Whose Dollars Are These Anyway? Foundations Rethink Their Model
Foundations represent more than $1 trillion in invested assets, yet are required to give away only 5% of their assets to charity every year. What are they doing with the other 95%?
Three cups of cinnamon dulce flavored coffee, the Wall Street Journal and CNBC. Barbara VanScoy’s morning routine is mostly what you might expect for someone who manages an investment portfolio. She’s even got a Bloomberg Terminal set up in her home office.
“I’m typically reading a lot of materials from various sources,” says VanScoy. “In fixed income, I’m exploring municipal bonds and mortgage-backed securities so I have to know what’s going on in various markets.”
“Fixed income” is the investor term for treasury bonds, state or local government bonds, corporate bonds or securities backed by mortgages, small business loans or other forms of debt. The underlying borrowers generally pay a fixed amount per month or quarter, which is where the term comes from.
One day in mid-May, VanScoy had some cash in her portfolio that she was looking to move into a fixed-income investment. Like all portfolio managers, she has a certain risk tolerance and an expectation of higher returns for riskier investments. But VanScoy doesn’t work for a Wall Street firm, where she would merely be looking for the highest possible return for the relative level of risk for any investment. She happens to work for the F.B. Heron Foundation.
By federal law, private foundations such as Heron must spend at least five percent of their endowments every year on grants and operations — while the other 95 percent gets invested in stocks, fixed income investments and other assets. The income from those investments is what pays for foundations’ grantmaking and operations.
Across the U.S., around 120,000 private foundations currently hold more than a trillion dollars in their investment portfolios. But foundations have traditionally outsourced their investment portfolio management to professional investment firms — including many Wall Street firms.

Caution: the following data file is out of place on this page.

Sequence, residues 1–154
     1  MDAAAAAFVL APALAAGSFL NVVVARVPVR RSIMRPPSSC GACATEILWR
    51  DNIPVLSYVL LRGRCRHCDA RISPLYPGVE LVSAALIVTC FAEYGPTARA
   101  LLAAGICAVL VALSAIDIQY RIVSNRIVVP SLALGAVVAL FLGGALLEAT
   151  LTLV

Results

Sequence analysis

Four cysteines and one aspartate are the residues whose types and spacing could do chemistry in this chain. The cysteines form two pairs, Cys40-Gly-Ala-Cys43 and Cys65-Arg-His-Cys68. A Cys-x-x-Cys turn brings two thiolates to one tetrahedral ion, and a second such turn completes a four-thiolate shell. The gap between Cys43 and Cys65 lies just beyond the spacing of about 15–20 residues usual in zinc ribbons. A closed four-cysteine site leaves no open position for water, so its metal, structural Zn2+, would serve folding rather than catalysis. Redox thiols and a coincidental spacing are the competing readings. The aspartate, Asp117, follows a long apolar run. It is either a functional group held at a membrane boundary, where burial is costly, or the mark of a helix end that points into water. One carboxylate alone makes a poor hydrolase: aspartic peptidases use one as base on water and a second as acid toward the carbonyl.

In 2019, VanScoy became the first in-house fixed-income portfolio manager for the F.B. Heron Foundation, founded in 1992 with a mission to support low-income communities. Heron was the first, and one of the few, foundations to look at its investment portfolio not just as a way to fund its grants and operations, but as a way to achieve its mission as well. Hiring VanScoy was just one in a series of steps it took to build on that vision for how to invest its endowment.
After scanning the market that day in mid-May, VanScoy found an investment she liked — a secondary issuance that originated from the Michigan Housing Authority. “Secondary” means it’s a purchase from another investor, while primary issuances are purchased from the originator.
“I really like state [municipal bond] housing issues because it’s one of the best ways to really target racial inequality and racial equity through racial wealth and homeownership creation,” VanScoy says. “I looked at a few issuances, saw Michigan, liked the demographics of borrowers, and the performance so far.”